• If you feel safe and comfortable, you can stand up to the bully — tell the bully that what they are doing is mean and wrong. However, don't provoke someone who may lash out at you for your actions. You can always go to the authorities on campus for help instead of managing the situation on your own.

Extending yourself in a supportive and non-judgmental way will give the person being bullied the opportunity to share their concerns and fears about their situation. While it may seem a little uncomfortable to get involved, helping someone who is being mistreated is the right thing to do, even if it is just walking him or her to the college advising office. 

If you are being bullied:

  • College student leaders can be effective in minimizing insecurities that can fuel the behavior of bullying in college and cyberbullying in college. They can create programs to include more students, such as freshman orientation, and make students aware of the various activities and clubs offered at the college. These activities keep college students busy which can lead to bullying prevention in college.
  • Contact the school during hours of operation and schedule an appointment or call with the department that oversees student affairs. 
  • Don’t fight back against the bully. It won’t make things any better and could get you into trouble.
  • Don’t skip classes or any avoid any friends or student groups you might belong to—you have as much a right to be there as anyone else.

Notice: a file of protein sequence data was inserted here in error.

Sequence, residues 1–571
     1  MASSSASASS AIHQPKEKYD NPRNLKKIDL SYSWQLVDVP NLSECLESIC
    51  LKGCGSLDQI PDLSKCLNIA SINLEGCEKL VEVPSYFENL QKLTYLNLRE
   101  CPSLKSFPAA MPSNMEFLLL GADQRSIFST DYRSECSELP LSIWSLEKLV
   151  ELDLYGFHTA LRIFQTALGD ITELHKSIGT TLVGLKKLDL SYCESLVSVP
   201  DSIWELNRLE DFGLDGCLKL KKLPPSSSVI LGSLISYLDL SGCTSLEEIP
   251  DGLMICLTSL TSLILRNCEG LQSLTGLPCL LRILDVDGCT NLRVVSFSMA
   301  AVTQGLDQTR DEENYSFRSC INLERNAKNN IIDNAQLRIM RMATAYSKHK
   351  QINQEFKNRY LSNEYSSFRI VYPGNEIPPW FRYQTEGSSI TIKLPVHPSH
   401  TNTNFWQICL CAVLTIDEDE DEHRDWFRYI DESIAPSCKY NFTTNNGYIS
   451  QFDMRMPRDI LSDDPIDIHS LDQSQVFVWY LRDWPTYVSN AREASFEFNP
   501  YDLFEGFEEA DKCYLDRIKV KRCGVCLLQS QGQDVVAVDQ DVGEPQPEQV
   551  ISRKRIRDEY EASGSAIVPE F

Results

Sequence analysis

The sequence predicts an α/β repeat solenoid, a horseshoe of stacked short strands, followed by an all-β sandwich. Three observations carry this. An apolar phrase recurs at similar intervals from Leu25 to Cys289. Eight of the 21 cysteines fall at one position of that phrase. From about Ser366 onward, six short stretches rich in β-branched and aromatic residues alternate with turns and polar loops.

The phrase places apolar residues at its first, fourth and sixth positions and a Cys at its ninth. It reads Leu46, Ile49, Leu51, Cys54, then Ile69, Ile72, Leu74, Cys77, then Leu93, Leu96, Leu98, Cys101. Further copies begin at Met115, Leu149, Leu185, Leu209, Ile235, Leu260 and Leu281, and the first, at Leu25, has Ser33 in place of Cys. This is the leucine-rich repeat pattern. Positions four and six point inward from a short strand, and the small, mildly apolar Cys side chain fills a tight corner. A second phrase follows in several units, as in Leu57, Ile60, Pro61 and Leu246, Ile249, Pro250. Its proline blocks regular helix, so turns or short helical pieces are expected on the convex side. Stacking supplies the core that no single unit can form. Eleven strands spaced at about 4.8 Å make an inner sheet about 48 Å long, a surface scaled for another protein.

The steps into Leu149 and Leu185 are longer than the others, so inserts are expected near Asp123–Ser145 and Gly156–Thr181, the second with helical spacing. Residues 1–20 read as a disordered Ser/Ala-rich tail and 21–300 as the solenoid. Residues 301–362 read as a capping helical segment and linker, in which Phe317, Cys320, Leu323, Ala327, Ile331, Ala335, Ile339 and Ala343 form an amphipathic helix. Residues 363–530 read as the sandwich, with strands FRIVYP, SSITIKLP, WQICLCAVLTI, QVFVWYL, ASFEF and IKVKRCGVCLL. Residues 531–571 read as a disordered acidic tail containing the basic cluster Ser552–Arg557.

• If pledging a fraternity or sorority, be sure any hazing activities feel safe. If they don’t, speak to a resident advisor.
  • Know that it is not your fault because no one deserves to be bullied!
  • Never keep the fact that you are being bullied to yourself—tell a friend or a resident advisor. There is no need to be uncomfortable about admitting that someone is bullying you—it is the bully who is in the wrong, not you.
  • No matter how bad you feel, hurting yourself or thinking about suicide is not the answer. If your college has a peer mentoring/listening group or a counseling center, talk to them and ask for help.
  • Outline the details, not in an angry rant, but as if you were telling a friend what occurred.
  • When you meet with a member of the school’s administration, tell your story and ask for help. Make sure to relate the facts and leave your emotions out of it. If you feel the bully has violated the school’s anti-bullying policy, bring this up calmly into the conversation. If you feel more comfortable bringing a friend or advocate with you to any meeting where you will be discussing your situation, don't hesitate to request this from the administration. You have the right to feel safe during these conversations.

If you are having suicidal thoughts, contact the National Suicide Prevention Lifeline at 1-800-273-8255 for support and assistance from a trained counselor. If you or a loved one are in immediate danger, call 911.

On the first Monday of every October children, teens and adults can participate in Blue Shirt Day World Day of Bullying Prevention by wearing a blue shirt. It's a time when everyone can wear a blue shirt and join in solidarity to stop bullying and cyberbullying on the first Monday of every October.